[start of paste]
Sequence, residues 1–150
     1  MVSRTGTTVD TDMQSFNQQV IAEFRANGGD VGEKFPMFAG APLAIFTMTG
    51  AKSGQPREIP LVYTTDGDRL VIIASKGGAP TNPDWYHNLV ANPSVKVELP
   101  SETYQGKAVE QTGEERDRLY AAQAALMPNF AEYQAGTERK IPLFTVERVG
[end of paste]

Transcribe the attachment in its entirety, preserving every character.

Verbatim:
Sequence, residues 1–150
     1  MVSRTGTTVD TDMQSFNQQV IAEFRANGGD VGEKFPMFAG APLAIFTMTG
    51  AKSGQPREIP LVYTTDGDRL VIIASKGGAP TNPDWYHNLV ANPSVKVELP
   101  SETYQGKAVE QTGEERDRLY AAQAALMPNF AEYQAGTERK IPLFTVERVG